By Rev. Jeff Lackie On Jun 23 2019
Jesus has (according to Luke’s gospel) just brought his friends
safely across the “the lake” (Luke 8: 22) through a fierce storm.
Their fear has been conquered by Jesus presence,
and his “command of the wind and the waves”.
The last thing they need is trouble on land, but that is what they find.
Jesus steps ashore to a different kind of storm.
He is accosted by a madman:
naked; raving; a danger to himself and others
(according to the hurried biography Luke’s gospel gives us).
This fellow has been banished to the edge of town.
Because of his condition, he is perpetually unclean.
He is forced to make do for himself among the tombs;
on the boundary between the living and the dead.
He is neither.
There is no medical, social, or personal response to this man
except bondage and the watchfulness of those set to guard him
(more likely to keep him “where he belongs”). Luke’s gospel does not recall his name.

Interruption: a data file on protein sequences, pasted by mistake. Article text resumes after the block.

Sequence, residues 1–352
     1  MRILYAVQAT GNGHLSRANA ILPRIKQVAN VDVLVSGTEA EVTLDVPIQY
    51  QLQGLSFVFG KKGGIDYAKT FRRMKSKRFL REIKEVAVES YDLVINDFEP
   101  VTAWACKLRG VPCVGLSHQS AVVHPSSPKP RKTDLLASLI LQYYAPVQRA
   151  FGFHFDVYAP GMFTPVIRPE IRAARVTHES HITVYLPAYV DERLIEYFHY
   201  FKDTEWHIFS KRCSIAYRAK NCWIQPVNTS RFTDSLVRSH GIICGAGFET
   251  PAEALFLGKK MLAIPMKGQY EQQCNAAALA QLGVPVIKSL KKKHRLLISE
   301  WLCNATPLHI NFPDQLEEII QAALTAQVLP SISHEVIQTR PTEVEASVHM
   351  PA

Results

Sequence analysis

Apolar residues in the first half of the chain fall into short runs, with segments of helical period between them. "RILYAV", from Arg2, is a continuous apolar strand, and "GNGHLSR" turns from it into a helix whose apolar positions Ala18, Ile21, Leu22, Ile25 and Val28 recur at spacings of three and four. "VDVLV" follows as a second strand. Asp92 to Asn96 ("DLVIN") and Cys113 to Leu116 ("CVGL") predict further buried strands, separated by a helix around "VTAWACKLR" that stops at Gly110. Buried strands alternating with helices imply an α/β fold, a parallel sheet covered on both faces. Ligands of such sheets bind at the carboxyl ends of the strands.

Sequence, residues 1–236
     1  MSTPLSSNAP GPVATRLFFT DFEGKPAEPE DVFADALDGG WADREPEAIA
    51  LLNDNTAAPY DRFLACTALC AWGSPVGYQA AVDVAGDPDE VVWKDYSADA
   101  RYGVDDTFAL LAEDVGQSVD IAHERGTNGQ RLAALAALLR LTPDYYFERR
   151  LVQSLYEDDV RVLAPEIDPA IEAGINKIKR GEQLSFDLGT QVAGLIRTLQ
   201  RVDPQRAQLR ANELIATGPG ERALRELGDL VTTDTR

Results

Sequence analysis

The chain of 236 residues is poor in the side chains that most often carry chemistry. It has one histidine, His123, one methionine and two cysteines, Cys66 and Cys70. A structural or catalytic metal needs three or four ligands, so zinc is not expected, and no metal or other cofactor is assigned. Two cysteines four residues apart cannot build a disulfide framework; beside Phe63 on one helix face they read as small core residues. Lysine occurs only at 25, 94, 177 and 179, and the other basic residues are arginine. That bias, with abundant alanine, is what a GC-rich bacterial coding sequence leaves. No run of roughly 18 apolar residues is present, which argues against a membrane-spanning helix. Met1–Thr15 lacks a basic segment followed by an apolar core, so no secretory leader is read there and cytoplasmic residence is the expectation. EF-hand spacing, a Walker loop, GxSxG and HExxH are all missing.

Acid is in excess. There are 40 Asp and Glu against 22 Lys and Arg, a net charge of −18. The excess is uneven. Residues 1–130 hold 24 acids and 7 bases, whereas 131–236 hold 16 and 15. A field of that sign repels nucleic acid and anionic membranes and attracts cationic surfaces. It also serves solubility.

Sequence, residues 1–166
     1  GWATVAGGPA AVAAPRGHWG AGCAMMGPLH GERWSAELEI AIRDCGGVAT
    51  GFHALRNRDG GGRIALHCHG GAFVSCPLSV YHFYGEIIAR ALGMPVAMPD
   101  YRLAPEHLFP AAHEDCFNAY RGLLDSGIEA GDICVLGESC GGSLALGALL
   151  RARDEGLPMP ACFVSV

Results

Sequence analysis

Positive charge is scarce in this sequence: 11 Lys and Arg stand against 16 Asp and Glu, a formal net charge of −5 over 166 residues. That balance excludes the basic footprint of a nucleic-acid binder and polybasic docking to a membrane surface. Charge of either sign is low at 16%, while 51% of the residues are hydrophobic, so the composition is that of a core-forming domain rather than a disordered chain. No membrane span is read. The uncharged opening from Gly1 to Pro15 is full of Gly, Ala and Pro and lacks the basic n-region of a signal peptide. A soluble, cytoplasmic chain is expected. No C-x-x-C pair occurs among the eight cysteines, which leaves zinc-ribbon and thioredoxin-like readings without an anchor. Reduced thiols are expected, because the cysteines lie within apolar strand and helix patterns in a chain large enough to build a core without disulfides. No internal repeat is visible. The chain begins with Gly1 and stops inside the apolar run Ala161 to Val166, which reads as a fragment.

Yet for all the energy spent to keep him apart,
he has broken his bonds, evaded his captors,
and like steel to a magnet he is drawn to Jesus.
From this distance, we are convinced that this is as it should be;
Jesus, whose mission it is to heal the sick and bring good news to the poor,
has already amazed us with his “way with the suffering”.
From our Resurrection perspective,
we accept that Jesus purpose was that we might be free of all that binds us –
so this story would seem to hold no surprises for us.
Jesus confronts the demon – demons, actually –
bargains with them and casts them out of our unfortunate friend
at the expense of a herd of swine –
(no great loss, and great ritual significance to a Jewish audience,
but a crushing blow to the innocent swineherds)
and there you have it:
another triumph for this gracious and generous man of God.
But this is not a triumphant moment in Luke’s gospel –
there is no heroes welcome – no joyful retelling of this miracle of liberation.
This is all about fear.
The key to this text comes when the people discover what Jesus has done.